Hmm, I'm pretty sure OS works fine with the "new Orbiter", except for a x64 build, which needs x64 addons, which won't link with the existing x86 OS lib.
 
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Hmm, I'm pretty sure OS works fine with the "new Orbiter", except for a x64 build, which needs x64 addons, which won't link with the existing x86 OS lib.
You're right, I misspoke (can you tell I'm new to all this? Hahaha). Rather, ditching OrbiterSound has been something in consideration due to the unfixable crashes it sometimes causes due to its hard-coded hotkeys. Not to mention, since XRSound is directly integrated into OpenOrbiter, it's a natural target to switch to, since it can be built from source in both x86 and x64 environments with the proper configuration, and it is more extensible, where OrbiterSound has an apparent limit of only 60 sounds able to be loaded into memory at any given time (which isn't presently an issue of course, but more flexibility is nice. Heck, given the age of the NASSP codebase, those limitations might be from OS 4.0 rather than 5.0)
 
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Hello again! It's been a while since I last reported on this. So far a lot of small bugs have been squashed with XRSound and major crashes with the 3D VC, and things seem to work better now overall. There's still plenty of bugs here and there, but compatibility has reached the point where I'm almost ready to start testing out full NASSP missions in this version. However, before I start that there is one problem I'm encountering that I'd like to try and solve first.

A very hard-working contributor, "Jordan-64", has been hard at work developing a higher-fidelity mesh and textures for the CM and LM 3D Virtual Cockpit, but while the original textures work fine in OpenOrbiter, these new ones seem to have some very strange issues where overlapping textures and surfaces blend with each other, which doesn't occur in the Beta R90 branch of Orbiter, as seen here (note the odd-looking black rectangle and how it changes opacity depending on the viewing angle, as well as how faded the DSKY display looks, and the completely-invisible Saturn V engine lights and EMS scroll paper):

Orbiter_2023-05-23_17-46-57.jpg

Orbiter_2023-05-23_17-46-51.jpg


Depending on the viewing angle and/or how close the camera is to the panel , the textures change in how they blend together. I'm not sure what's going on here, but it means that when using these HD textures, the DSKY, mission timer, lights and gauges all are hard to read or completely invisible unless you zoom very close up, at which point they become fully-visible like they should be. I don't know the exact details about what was changed to make this new HD cockpit work, but I have tried testing only the new textures while using the original mesh file, and this issue is still present, so I presume the problem lies with the textures themselves.

Sorry to be a bother once more, jarmonik, but since this seems to be graphics and rendering-related, I'm curious to know if you have any insight into why this happens, and if there's something we can do on our end to correct it? I've been trying to troubleshoot with the creator of the HD mesh/textures but we've had no luck so far.
 
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Just a quick update, I was able to fix the blending problem by setting the Texture Mipmap setting to "Load as defined" instead of the default "Autogen missing". However, the strange black rectangle near the middle of the panel seems to still remain, I'm working on trying to determine if that's a problem with the mesh or texture mapping perhaps:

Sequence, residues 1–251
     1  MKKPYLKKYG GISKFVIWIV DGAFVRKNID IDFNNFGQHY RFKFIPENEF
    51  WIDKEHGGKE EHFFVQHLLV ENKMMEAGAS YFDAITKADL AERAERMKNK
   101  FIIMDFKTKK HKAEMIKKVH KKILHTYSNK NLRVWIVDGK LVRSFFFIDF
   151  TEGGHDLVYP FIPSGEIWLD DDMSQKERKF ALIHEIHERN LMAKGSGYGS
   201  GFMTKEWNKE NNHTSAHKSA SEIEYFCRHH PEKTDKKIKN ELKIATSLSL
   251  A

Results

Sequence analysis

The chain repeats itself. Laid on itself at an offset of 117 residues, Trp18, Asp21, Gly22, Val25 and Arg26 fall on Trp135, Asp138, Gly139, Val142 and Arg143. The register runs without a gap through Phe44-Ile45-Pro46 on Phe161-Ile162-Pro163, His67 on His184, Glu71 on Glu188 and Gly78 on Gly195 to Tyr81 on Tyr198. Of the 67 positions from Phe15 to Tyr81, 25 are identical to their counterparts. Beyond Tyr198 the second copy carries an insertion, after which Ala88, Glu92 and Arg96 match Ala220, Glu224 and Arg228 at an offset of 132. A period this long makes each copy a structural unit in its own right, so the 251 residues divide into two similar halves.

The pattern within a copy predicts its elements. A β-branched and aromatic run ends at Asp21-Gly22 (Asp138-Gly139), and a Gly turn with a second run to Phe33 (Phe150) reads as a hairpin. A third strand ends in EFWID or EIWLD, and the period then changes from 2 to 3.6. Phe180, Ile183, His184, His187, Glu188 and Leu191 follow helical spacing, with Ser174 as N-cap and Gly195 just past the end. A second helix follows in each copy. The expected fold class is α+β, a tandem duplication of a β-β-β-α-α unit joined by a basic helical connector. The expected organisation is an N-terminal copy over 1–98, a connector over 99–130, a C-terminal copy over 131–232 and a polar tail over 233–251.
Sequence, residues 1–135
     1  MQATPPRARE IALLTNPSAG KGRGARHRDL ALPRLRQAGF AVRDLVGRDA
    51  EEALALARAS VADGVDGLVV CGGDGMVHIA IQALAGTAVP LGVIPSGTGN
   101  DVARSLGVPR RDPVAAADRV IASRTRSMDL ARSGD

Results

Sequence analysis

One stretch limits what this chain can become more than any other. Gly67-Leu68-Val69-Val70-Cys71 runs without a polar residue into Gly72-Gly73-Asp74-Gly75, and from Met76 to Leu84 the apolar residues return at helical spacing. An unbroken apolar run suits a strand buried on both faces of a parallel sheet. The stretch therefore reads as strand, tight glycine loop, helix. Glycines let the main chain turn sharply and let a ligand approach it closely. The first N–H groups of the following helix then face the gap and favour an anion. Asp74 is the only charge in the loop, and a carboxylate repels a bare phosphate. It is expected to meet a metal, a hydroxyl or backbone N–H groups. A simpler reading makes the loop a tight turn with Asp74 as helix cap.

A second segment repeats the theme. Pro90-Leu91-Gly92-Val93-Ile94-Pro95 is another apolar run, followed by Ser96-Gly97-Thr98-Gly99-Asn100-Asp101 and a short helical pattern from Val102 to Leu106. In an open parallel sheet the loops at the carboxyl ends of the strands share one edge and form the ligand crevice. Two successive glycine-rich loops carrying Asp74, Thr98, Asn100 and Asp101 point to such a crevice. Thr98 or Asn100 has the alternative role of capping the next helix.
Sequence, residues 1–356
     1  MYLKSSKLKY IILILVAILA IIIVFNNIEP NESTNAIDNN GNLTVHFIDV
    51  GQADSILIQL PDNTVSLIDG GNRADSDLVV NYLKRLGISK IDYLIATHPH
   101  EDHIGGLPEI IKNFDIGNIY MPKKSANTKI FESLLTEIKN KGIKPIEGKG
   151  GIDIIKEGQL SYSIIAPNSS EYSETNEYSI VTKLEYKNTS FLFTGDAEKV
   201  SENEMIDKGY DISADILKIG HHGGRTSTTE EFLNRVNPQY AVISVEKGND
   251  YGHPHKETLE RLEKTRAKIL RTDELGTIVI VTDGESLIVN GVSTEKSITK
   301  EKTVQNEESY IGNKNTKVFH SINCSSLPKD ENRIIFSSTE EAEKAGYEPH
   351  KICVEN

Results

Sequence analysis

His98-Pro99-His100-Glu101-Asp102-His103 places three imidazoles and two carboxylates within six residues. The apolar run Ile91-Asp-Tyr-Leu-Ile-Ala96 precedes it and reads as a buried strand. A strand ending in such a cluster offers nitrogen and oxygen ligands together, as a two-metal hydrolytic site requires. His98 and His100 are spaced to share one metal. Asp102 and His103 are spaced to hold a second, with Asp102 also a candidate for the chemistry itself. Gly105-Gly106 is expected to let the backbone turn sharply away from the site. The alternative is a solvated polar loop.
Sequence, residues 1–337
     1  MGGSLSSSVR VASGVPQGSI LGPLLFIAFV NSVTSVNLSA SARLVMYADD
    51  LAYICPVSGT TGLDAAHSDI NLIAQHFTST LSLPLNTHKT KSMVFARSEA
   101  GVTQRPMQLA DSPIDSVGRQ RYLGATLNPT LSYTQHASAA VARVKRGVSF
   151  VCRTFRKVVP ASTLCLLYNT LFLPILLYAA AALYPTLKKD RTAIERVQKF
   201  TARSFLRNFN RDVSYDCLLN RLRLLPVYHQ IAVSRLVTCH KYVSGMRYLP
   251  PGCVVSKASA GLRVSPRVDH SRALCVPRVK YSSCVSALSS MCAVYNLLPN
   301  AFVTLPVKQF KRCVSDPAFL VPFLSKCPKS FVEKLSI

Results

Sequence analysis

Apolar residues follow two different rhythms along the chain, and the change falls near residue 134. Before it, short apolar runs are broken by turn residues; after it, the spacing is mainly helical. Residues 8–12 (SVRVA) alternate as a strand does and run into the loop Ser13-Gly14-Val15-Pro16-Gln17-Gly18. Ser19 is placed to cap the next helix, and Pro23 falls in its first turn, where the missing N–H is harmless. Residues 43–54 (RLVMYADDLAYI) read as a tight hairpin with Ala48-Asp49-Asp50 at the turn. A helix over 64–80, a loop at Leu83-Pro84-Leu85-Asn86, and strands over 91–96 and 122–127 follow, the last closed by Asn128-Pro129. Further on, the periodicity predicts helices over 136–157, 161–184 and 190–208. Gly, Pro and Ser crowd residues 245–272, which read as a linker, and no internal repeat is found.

Orbiter_2023-05-24_16-46-58.jpg
 
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It's been a while, but I'm back with another update post: NASSP is now working pretty much flawlessly in OpenOrbiter! Not only that, but I've been able to make the add-on build properly for 64-bit architectures (possibly for the first time ever?). This is still highly experimental by its very nature, though I must say that I am extremely pleased with how it worked almost effortlessly once I'd configured all the linking and compilation options. Considering the complexity of the codebase, I was expecting all kinds of horrific bugs and errors, but things seem to have held up just fine to the transition, with one sole exception:

This came at the cost of needing to remove all traces of VESIM and its DirectInput8 joystick handling code, meaning that this branch of NASSP will not work with joysticks any more. Removing functionality is not what I'd hoped would be required, but the relevant code was absolutely ancient and was the only part of the existing NASSP code that simply would not work for 64-bit compilation, due to the proprietary DirectInput8 library being strictly 32-bit as far as I can tell. After discussing things with the other NASSP developers, this may be a sacrifice we're willing to make for the time being (the less reliance on super old proprietary Microsoft code, the better!). Our intention is that by the time we might consider making the OpenOrbiter code branch our main development target instead of this big experimental side-project of mine, that a suitable replacement might be found and implemented. And to be clear; while so far things seem to be working quite well, we don't currently have any plans to switch our builds away from Orbiter Beta R90.

Also, on the topic of the mysterious rectangle graphical bug I mentioned in previous posts, our current working theory is that that this is potentially caused by a driver issue for certain graphics cards. However, just a few weeks ago, I noticed that the bug mysteriously vanished for me! I can't explain why it isn't happening any more (I don't believe I'd updated my GPU drivers at the time), but if it's gone, then good riddance to another pesky bug!

At this point I've actually moved to using OpenOrbiter x64 as my primary way to fly NASSP missions, just for the sake of getting plenty of testing done as I go, and a couple other developers have been testing things out as well. Aside from a few bugs we've had to iron out along the way, it seems incredibly stable and reliable so far! Hopefully more good news continues to follow in the future.